Friday, April 16th, 2021

Scouts Honour

Simon Clancy

Lead Feature Writer

Scouts Honour

Simon Clancy NFL

This article originally appeared in Issue XXX of Gridiron magazine, back in 2017 – for individual editions or subscriptions, click HERE

A former linebacker who played with the New Orleans Saints, Marc Lillibridge moved swiftly from playing to scouting, spending several years with the Green Bay Packers under the legendary Ron Wolf and is now the director of recruiting at Elite Football Academy.

How did you get into scouting?

I stopped playing in 2000, mainly because I wasn’t very good. I was limited athletically so what I did was devour tape to try to help me get better. People started telling me I should become a scout after my career was over because of how much effort I put in so, when I was with the Saints, I started writing reports on upcoming free-agents for their front office. They liked them and encouraged me to carry on, so it was a natural progression.

And I knew what I was looking for in players because I’d been one. I knew what made Player A more of a success than Player B. I felt good about grading offensive linemen because, as a linebacker, that was my job and I had some success there. So I applied for some jobs and ended up working in Green Bay under Ron Wolf – believe me, it doesn’t get better than that. We had a staff that included John Schneider, now the Seattle GM, Reggie McKenzie, now the Raiders GM, and John Dorsey, the general manager of the Chiefs. So that was a helluva team to learn from.

Take me through the year-long process – when do you start looking ahead?

It really starts about 13 months in advance. Let’s take the 2017 NFL Draft as our starting point. Say I’m on the road at the Auburn pro day, I’ll spend the morning watching tape of the 2018 kids before going out and watching the 2017 guys work out. So we’ll have an unofficial junior pro day early that morning where we weigh and measure guys and start to build our preliminary lists for the next year because, when the draft’s over, we’re off until the summer. This just gives us the opportunity to hit the ground running in July.

What’s life like for a scout on the road?

Well, you know what you’re getting into before you take the job. Late July through December is a lot of driving, a lot of hotels and seeing a lot of schools. Let’s say you’re the Midwest Scout: you’ll maybe do Missouri one day, Illinois the next, Iowa the day after. And you’ll want to be in early each day to get talking to people. I want to see counsellors and professors to find out what these kids are like, then onto coaches and strength guys and administrators, medical people. I want to build as clear a picture as possible about a kid, especially away from the field. Are they good learners in class? Are they high maintenance? What are their grades like? Those sorts of things. Really, you’re like a private investigator. Then you might leave a school at 2pm and have to drive a few hundred miles to the next hotel close to the following day’s school. Check in, room service and then start to write your reports. Most teams want the reports in that night so you could start writing at seven and still be typing at 2am if you’re at a school with a lot of prospects.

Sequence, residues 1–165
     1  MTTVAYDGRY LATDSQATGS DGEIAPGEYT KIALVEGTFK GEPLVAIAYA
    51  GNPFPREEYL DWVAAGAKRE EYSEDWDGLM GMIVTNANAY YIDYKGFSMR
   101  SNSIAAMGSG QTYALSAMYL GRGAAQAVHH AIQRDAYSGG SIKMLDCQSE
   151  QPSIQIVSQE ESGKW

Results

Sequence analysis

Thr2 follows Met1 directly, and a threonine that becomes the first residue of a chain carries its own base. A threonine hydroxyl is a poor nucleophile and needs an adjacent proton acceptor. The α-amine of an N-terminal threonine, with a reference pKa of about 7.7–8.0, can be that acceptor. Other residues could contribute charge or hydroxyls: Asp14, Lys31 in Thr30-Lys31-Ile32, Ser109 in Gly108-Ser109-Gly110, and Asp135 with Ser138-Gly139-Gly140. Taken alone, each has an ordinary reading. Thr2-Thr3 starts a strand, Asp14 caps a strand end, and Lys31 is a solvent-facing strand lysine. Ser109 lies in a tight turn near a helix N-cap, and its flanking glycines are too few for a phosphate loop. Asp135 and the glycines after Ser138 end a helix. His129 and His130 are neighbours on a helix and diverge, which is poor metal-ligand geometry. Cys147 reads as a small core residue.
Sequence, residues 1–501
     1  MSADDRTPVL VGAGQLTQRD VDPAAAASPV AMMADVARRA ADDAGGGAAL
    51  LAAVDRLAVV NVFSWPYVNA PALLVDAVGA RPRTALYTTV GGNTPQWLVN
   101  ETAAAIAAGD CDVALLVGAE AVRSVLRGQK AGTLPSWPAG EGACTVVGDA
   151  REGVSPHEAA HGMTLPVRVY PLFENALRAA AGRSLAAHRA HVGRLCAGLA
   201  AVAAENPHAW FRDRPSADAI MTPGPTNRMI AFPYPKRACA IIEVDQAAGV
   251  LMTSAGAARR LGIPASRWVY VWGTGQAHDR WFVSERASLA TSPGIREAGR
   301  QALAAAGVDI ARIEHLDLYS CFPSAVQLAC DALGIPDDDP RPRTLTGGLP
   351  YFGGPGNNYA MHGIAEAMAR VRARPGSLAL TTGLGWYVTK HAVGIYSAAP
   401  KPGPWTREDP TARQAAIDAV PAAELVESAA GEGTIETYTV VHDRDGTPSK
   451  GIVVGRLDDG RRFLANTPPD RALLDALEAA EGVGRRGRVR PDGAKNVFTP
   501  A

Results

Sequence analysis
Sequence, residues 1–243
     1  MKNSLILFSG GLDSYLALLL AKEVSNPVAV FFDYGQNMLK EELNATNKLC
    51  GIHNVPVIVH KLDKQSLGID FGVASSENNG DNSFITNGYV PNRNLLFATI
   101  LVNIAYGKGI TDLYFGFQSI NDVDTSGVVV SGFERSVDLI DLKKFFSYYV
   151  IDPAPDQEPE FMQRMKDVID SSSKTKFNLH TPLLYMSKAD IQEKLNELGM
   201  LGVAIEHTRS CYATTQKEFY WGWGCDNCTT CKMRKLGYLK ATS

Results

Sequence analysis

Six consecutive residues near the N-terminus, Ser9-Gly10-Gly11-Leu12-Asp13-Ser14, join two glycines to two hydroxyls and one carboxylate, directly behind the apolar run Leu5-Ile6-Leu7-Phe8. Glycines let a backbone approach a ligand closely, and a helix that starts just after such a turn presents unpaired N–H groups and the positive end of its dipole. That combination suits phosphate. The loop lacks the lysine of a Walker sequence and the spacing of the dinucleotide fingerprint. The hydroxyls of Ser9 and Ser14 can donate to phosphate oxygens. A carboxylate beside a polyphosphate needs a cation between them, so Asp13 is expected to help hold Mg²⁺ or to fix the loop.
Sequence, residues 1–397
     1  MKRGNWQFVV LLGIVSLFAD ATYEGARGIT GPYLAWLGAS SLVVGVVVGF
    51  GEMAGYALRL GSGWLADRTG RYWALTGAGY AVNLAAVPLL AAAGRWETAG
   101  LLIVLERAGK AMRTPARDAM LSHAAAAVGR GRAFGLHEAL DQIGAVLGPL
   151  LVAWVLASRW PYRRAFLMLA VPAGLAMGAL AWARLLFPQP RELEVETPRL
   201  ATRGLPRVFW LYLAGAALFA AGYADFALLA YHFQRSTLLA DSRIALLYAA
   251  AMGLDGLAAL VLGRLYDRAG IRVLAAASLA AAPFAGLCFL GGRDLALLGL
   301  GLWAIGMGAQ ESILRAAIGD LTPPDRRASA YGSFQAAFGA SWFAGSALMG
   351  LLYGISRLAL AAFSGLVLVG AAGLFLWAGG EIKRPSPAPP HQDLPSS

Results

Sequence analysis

“A guy who body catches in game one isn’t going to be a hands catcher in games two, three and four.”

Take us through your on-campus scouting and the reports…

I want to be as thorough as possible, so I can only grade one guy at a time. If I’m watching the Georgia OL and there’s a tackle and two guards we like, I have to watch the tackle first before I go and watch each guard individually. That’s just how I worked. And I’m just making notes all the time: ‘Good punch, waist bender, good kick, sloppy transition, sucker for a double move’. Those sorts of things.

You usually watch three to four games on a guy to get a good feel. Listen, a guy who body catches in game one isn’t going to be a hands catcher in games two, three and four, so you can start to build a picture early on. And really good players you only see a couple of times initially because you know their talent. The reports are really just made up of what you’ve seen on the tape and then all the background stuff. And it’s just an opening report. It’ll be tweaked considerably through the season.

At what point as a staff do you all get together and go through the reports?